Astorga, Spain

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Astorga is a town in the province of León, northern Spain. It lies southwest of the provincial capital of León, and is the head of the council (comarca) of La Maragatería. The river Tuerto flows through it. As of 2009, its population was about 12,100 people.

Astorga lies in the area of the Maragatos, a small ethnic and cultural community with distinctive customs and architecture. The town lies along the French route of the Way of St. James (Spanish: Camino de Santiago). Saint Turibius of Astorga was bishop of the city in the 5th century.

Contents

History

Astorga was originally a Celtic settlement which later become one of the Roman strongholds in the region they called Asturica. The Roman city was founded in 14 BC, being entitled by Emperor Octavian as Asturica Augusta. Ruins of Roman baths are still visible today.

Asturica was the main city in north-west Spain during the Roman Empire. Plinius called the city Urbs magnifica ("magnificent city"). The Via Platea went from Asturica (Astorga) to Emerita (Mérida). One of the first three bishoprics in Spain was founded in Astorga, so the title of Bishop of Astorga is one of the oldest religious charges of Europe.

After the campaigns of Alfonso I of Asturias (739-757) against the Moors, the city was abandoned, being in the largely empty buffer zone between Moors and Christians known at the time as "The Desert of the Duero", and was part of the Repoblación ("repopulation") effort carried out a century later during the reign of Ordoño I of Asturias (850-866). Astorga suffered from decadence until the 11th century, when the city became one of the main points in the French route for the pilgrims to Saint James's tomb in Compostela. Construction of the cathedral began in the 15th century and finished in the late 18th century.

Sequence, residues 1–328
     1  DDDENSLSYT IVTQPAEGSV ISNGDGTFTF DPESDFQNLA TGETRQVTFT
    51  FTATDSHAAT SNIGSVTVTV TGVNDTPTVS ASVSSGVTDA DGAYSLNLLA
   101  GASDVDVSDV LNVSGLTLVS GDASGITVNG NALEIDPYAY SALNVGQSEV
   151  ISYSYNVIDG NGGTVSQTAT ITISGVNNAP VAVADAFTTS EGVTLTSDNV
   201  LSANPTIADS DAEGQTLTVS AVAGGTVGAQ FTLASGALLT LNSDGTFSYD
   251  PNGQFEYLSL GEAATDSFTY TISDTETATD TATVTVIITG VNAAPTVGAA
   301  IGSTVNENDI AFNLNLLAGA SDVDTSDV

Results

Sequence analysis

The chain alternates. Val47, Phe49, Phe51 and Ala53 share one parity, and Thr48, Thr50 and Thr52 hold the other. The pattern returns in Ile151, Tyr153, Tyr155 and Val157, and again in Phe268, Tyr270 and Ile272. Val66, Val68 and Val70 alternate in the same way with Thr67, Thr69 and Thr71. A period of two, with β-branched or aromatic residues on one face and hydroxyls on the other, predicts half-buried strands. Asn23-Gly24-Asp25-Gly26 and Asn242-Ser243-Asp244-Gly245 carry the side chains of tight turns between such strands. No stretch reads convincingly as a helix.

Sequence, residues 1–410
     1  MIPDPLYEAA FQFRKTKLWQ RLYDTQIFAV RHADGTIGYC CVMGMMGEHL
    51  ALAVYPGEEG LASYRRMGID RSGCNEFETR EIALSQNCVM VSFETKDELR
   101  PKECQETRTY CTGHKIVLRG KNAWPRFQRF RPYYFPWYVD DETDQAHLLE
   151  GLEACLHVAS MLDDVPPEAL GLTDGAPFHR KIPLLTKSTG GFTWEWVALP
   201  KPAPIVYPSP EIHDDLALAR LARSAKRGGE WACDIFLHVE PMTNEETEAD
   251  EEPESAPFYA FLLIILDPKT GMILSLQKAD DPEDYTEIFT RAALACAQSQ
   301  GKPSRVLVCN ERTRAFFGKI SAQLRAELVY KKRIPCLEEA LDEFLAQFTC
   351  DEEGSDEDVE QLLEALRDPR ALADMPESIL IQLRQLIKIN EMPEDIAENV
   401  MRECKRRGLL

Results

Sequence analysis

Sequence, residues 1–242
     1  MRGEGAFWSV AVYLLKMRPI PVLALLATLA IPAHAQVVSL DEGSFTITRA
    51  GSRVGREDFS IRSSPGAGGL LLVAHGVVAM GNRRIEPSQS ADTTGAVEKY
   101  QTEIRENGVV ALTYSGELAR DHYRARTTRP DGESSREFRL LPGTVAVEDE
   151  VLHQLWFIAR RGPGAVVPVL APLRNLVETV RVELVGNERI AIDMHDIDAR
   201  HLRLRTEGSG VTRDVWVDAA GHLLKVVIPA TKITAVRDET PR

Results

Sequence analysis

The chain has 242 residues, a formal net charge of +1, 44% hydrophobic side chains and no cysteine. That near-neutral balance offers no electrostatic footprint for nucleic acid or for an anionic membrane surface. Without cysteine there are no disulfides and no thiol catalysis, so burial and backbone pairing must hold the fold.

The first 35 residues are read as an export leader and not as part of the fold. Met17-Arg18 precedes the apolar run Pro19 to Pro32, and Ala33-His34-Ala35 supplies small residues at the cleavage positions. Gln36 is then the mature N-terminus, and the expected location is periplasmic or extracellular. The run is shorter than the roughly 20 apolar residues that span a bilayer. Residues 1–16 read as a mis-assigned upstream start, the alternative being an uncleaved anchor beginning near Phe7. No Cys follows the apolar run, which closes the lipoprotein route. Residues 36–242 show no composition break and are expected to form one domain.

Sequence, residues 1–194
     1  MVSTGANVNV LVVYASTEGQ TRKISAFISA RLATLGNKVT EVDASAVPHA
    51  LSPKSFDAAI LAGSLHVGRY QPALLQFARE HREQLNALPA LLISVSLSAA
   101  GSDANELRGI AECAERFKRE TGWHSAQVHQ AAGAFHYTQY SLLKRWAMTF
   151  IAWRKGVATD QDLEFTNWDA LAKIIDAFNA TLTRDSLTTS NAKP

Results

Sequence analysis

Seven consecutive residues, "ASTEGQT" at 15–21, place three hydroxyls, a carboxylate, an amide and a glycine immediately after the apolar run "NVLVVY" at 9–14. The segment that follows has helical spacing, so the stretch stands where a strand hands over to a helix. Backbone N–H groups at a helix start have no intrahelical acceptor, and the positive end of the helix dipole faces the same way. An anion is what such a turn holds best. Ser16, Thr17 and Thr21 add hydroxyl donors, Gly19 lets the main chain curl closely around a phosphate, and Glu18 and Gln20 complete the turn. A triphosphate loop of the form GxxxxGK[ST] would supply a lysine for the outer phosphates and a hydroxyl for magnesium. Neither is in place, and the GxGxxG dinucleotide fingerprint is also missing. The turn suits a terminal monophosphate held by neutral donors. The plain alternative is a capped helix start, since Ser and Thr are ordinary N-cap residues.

During the Peninsular War, Astorga was besieged by the French Napoleonic troops. Astorga was the farthest town in the Iberian Peninsula in which the Emperor Napoleon resided.

Main sights

  • Catedral de Santa María de Astorga
  • 19th century Episcopal Palace (Palacio Espiscopal), designed by Antoni Gaudí.
  • Town Hall, begun in 1683. It is a Baroque edifice with three towers in its façade, the middle one including the bells.
  • Roman archaeological remains, including those of the original military camp, the sewers, two baths (late 1st and 3rd century AD), remains of the forum and several mosaics.
  • Remains of the ancient walls.

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